- Benjamin Backes, Harry J. Holzer, and Erin Dunlop Velez
- August 2014
- Link to dp142514 (PDF)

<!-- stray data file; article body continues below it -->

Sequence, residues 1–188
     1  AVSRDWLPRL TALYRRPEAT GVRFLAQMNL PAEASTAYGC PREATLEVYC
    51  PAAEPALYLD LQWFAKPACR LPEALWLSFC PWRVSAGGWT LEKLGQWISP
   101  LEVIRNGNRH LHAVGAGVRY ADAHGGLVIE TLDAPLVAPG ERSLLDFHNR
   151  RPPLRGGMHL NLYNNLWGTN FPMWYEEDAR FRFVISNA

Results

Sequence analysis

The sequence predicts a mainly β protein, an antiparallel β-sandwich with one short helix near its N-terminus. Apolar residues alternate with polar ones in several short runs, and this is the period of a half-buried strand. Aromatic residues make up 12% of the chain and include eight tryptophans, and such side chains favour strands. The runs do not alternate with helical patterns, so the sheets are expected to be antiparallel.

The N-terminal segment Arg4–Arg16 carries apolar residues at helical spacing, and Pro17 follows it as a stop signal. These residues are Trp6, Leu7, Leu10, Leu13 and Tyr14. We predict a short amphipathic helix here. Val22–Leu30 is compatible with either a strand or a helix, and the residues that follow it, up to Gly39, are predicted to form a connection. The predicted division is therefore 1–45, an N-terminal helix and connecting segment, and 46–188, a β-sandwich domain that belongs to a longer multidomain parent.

In this paper we examine a range of postsecondary education and labor market outcomes, with a particular focus on minorities and/or disadvantaged workers. We use administrative data from the state of Florida, where postsecondary student records have been linked to Unemployment Insurance (UI) earnings data and also to secondary education records. Our main findings can be summarized as follows: (1) gaps in secondary school achievement can account for a large portion of the variation in postsecondary attainment and labor market outcomes between the disadvantaged and other students, but meaningful gaps also exist within achievement groups; and (2) earnings of the disadvantaged are hurt by low completion rates in postsecondary programs, poor performance during college, and not choosing high-earning fields. In particular, significant labor market premia can be earned in a variety of more technical certificate and Associate in Arts (AA) programs, even for those with weak earlier academic performance, but instead many disadvantaged (and other) students choose general humanities programs at the AA (and even the bachelor’s or Bachelor of Arts) level with low completion rates and low compensation afterwards. A range of policies and practices might be used to improve student choices as well as their completion rates and earnings.